3. The Sail and rig Plan of Yacht A
Three huge unstayed masts, the largest in the world, correctly define the vessel, according to this. The mainmast hovers at about 100 meters above the water. Also incorporated is an enclosed electric gimbaled nest to move a willing soul sixty meters above the waterline for what promises to be one amazing view over nature. Given that it is “sail assisted”, the ratio between the yacht's displacement and sail area is lower than would be the case in another pure sailing yacht. Dykstra considerably optimized the sailplan with freestanding masts and roach sails that can be rotated at seventy degrees to improve lift-drag characteristics. Magma Structures in the UK manufactured the freestanding spars using carbon fiber – the one material that can cope with the tension and stress involved. This is because masts of this size cannot be made of metals.
4. Glass Technology
GLY built the vessel’s glass including a long piece of curved glass: a 15 yard and 1.8-ton glass on the bridge deck. The designer hoped to make it look as clean as it can be and without any railings and the only way to come up with invisible railings was to use glass. Two other huge pieces of glass are placed on the seventh deck, at eleven yards high and 14 yards long. GLY also made three elliptical shaped pieces of glass for the observation pod that was molded into the keel. The company, by sung MarineCobond interlayers, was able to reduce the glass weight and thickness by about fifty percent.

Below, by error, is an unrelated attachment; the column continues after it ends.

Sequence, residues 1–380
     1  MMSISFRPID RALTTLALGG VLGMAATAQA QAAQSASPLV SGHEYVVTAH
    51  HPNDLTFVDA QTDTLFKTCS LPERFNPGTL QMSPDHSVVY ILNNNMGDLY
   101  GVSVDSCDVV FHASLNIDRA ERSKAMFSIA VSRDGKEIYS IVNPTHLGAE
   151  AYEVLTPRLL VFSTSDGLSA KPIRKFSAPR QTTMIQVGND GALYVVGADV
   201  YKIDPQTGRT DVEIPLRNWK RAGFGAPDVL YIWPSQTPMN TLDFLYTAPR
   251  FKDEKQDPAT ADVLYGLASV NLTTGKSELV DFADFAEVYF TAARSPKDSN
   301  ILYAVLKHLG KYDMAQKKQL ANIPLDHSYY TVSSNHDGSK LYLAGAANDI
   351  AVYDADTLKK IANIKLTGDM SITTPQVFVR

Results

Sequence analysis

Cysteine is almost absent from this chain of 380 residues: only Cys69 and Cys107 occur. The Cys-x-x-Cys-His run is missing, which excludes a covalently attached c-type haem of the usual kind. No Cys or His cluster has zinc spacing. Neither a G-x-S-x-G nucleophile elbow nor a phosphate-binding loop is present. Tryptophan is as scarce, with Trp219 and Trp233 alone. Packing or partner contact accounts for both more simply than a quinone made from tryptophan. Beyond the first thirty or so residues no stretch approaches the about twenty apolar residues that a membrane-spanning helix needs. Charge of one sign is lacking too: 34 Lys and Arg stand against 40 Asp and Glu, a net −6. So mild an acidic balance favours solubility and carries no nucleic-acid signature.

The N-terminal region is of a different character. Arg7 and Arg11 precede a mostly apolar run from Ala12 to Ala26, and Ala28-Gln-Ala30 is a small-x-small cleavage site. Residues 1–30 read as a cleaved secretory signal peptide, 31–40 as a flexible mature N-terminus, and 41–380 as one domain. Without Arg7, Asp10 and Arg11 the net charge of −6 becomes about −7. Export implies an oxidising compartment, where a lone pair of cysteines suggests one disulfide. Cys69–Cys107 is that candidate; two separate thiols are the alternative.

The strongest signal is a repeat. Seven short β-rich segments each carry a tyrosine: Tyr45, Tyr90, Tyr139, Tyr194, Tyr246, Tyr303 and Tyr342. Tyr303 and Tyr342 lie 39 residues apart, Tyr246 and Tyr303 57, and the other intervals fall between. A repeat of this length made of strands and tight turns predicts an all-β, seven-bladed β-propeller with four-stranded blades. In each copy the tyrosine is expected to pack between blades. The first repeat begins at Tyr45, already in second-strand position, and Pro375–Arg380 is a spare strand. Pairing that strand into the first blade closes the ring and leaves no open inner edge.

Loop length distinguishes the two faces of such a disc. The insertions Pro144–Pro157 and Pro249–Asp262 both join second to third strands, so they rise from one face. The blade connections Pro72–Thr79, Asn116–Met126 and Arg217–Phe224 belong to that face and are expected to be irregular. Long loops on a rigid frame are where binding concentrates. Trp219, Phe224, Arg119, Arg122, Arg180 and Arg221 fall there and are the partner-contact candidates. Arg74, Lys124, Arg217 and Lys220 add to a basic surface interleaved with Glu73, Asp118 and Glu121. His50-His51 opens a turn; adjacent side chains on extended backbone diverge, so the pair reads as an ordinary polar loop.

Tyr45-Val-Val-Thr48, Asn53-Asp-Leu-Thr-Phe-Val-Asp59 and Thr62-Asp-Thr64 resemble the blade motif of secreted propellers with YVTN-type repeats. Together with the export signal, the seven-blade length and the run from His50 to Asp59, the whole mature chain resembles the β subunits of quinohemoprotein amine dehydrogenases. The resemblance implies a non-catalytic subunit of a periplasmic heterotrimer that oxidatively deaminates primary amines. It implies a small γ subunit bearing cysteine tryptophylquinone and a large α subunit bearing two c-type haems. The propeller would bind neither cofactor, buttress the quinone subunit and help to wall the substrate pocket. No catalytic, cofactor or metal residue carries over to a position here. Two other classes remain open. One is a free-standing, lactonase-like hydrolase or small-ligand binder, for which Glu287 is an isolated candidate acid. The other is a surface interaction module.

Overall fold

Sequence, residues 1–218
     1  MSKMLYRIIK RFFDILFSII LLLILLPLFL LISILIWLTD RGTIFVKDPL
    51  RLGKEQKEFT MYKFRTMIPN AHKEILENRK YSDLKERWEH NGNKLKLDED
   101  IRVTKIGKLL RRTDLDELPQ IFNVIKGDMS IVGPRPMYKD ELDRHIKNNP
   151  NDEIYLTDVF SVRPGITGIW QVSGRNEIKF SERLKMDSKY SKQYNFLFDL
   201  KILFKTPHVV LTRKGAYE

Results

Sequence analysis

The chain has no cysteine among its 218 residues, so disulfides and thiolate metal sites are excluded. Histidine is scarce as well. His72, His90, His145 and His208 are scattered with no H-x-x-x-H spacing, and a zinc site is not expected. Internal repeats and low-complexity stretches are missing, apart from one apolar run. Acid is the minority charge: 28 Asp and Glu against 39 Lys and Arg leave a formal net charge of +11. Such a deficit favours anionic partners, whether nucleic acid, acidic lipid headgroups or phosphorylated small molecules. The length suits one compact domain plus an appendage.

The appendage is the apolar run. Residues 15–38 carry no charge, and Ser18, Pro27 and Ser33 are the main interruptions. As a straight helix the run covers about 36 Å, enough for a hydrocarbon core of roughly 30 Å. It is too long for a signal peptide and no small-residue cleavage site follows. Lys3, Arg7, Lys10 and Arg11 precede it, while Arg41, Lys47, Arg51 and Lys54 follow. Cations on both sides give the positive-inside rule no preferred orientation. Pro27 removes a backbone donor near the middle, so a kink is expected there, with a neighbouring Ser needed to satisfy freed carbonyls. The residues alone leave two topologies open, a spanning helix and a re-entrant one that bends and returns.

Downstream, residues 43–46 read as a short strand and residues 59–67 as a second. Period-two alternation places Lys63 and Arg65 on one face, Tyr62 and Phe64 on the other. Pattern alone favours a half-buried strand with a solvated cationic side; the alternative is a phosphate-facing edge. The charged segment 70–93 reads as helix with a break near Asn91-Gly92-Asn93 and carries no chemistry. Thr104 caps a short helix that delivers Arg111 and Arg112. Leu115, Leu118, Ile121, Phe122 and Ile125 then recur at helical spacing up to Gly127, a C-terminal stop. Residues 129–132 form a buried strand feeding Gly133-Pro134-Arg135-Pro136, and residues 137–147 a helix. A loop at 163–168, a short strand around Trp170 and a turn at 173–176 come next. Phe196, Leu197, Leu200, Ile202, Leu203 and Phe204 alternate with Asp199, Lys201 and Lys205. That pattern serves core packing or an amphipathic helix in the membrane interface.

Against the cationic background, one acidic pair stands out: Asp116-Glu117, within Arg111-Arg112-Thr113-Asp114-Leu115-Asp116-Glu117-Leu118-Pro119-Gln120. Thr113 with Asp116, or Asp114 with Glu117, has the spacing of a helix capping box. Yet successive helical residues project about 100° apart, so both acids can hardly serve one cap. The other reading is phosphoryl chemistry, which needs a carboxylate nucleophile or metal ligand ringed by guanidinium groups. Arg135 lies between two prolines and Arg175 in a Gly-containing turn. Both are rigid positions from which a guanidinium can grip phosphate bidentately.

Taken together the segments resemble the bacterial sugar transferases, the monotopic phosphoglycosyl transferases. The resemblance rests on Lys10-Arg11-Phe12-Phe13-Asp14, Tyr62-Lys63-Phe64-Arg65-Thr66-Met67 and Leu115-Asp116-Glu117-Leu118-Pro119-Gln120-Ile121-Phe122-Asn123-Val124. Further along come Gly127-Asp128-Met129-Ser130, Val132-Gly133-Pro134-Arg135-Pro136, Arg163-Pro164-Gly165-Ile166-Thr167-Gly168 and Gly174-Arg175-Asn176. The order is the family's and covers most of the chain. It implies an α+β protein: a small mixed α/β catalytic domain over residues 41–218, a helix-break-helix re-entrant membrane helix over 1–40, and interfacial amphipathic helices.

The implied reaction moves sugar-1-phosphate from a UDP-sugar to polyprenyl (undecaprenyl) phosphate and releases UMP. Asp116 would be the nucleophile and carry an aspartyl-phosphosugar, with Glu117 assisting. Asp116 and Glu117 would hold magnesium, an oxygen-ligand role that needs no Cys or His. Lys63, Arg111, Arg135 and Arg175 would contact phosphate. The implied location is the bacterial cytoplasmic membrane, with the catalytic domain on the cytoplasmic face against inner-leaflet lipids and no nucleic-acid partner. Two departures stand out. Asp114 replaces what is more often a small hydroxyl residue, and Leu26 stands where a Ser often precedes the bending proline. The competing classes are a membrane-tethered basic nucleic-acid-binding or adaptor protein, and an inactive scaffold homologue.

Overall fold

One of the most crucial factors during design was ensuring that the vessel’s weight remained low, so the right choice of propulsion was very important. The main objective was to realize a cruising speed of about sixteen knots and twenty-knot speed while sailing silently. The solution was quite unique: a custom made diesel-electric system. EMS in Germany built this incredible system. The vessel has variable-speed generators. This means that the yacht can enjoy more power out of each generator since they can run to about 2050 rpm. The consequent advantage is that instead of needing five generators, the yacht can still run with four. Moreover, the generators can reduce to about 1050 rpm once the load is insignificant. To make it even better, the SSC – Superimposed System Controller – is used to calculate the highest speed and determine the most optimal combination of generators. According to Kloosterman, there is a wide variety of propulsion modes that suit the general requirements of sailing and cruising. For this reason, the propulsion system can be flexible.
Written by Dana Hanson